Billing code algorithms to identify cases of peripheral artery disease from administrative data

Jin Fan, Adelaide M. Arruda-Olson, Cynthia L. Leibson, Carin Smith, Guanghui Liu, Kent R. Bailey, Iftikhar J. Kullo

Research output: Contribution to journalArticlepeer-review

53 Scopus citations

Abstract

Objective: To construct and validate billing code algorithms for identifying patients with peripheral arterial disease (PAD). Methods: We extracted all encounters and line item details including PAD-related billing codes at Mayo Clinic Rochester, Minnesota, between July 1, 1997 and June 30, 2008; 22 712 patients evaluated in the vascular laboratory were divided into training and validation sets. Multiple logistic regression analysis was used to create an integer code score from the training dataset, and this was tested in the validation set. We applied a model-based code algorithm to patients evaluated in the vascular laboratory and compared this with a simpler algorithm ( presence of at least one of the ICD-9 PAD codes 440.20-440.29). We also applied both algorithms to a community-based sample (n=4420), followed by a manual review. Results: The logistic regression model performed well in both training and validation datasets (c statistic=0.91). In patients evaluated in the vascular laboratory, the modelbased code algorithm provided better negative predictive value. The simpler algorithm was reasonably accurate for identification of PAD status, with lesser sensitivity and greater specificity. In the community-based sample, the sensitivity (38.7% vs 68.0%) of the simpler algorithm was much lower, whereas the specificity (92.0% vs 87.6%) was higher than the model-based algorithm. Conclusions: A model-based billing code algorithm had reasonable accuracy in identifying PAD cases from the community, and in patients referred to the non-invasive vascular laboratory. The simpler algorithm had reasonable accuracy for identification of PAD in patients referred to the vascular laboratory but was significantly less sensitive in a community-based sample.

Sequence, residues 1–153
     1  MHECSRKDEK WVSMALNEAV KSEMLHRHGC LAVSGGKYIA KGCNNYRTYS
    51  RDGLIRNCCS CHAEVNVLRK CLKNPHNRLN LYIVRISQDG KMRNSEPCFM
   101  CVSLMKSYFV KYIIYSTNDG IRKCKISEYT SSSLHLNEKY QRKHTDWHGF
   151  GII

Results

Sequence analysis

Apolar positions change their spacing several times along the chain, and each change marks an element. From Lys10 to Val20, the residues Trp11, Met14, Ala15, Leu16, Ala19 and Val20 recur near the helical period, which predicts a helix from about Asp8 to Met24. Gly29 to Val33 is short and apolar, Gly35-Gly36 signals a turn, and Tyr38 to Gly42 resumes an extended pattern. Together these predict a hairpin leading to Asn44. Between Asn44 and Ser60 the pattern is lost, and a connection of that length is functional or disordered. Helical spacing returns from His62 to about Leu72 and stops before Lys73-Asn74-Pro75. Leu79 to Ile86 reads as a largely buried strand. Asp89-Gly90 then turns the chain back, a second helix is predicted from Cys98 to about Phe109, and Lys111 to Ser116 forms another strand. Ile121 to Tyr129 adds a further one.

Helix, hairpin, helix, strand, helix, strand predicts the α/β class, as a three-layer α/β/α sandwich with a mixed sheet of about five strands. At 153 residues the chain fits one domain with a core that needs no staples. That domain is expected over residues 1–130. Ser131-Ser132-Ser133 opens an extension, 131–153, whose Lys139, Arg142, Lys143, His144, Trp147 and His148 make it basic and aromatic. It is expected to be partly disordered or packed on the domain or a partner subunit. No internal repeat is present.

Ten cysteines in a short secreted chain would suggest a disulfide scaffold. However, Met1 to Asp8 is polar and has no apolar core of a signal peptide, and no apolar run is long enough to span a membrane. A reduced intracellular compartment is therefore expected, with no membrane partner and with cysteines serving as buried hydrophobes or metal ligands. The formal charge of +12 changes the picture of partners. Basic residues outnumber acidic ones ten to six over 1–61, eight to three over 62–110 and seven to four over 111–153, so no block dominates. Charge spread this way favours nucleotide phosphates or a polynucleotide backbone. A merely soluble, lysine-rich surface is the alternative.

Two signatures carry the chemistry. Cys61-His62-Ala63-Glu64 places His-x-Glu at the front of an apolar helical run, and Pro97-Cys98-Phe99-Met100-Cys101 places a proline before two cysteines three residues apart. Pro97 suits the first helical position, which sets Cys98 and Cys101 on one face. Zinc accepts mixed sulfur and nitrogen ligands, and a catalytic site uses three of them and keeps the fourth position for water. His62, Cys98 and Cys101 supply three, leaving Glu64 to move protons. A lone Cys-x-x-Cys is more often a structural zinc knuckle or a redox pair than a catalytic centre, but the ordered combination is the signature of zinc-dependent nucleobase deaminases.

Original languageEnglish (US)
Pages (from-to)e349-e354
JournalJournal of the American Medical Informatics Association
Volume20
Issue numberE2
DOIs
StatePublished - 2013

ASJC Scopus subject areas

  • Health Informatics

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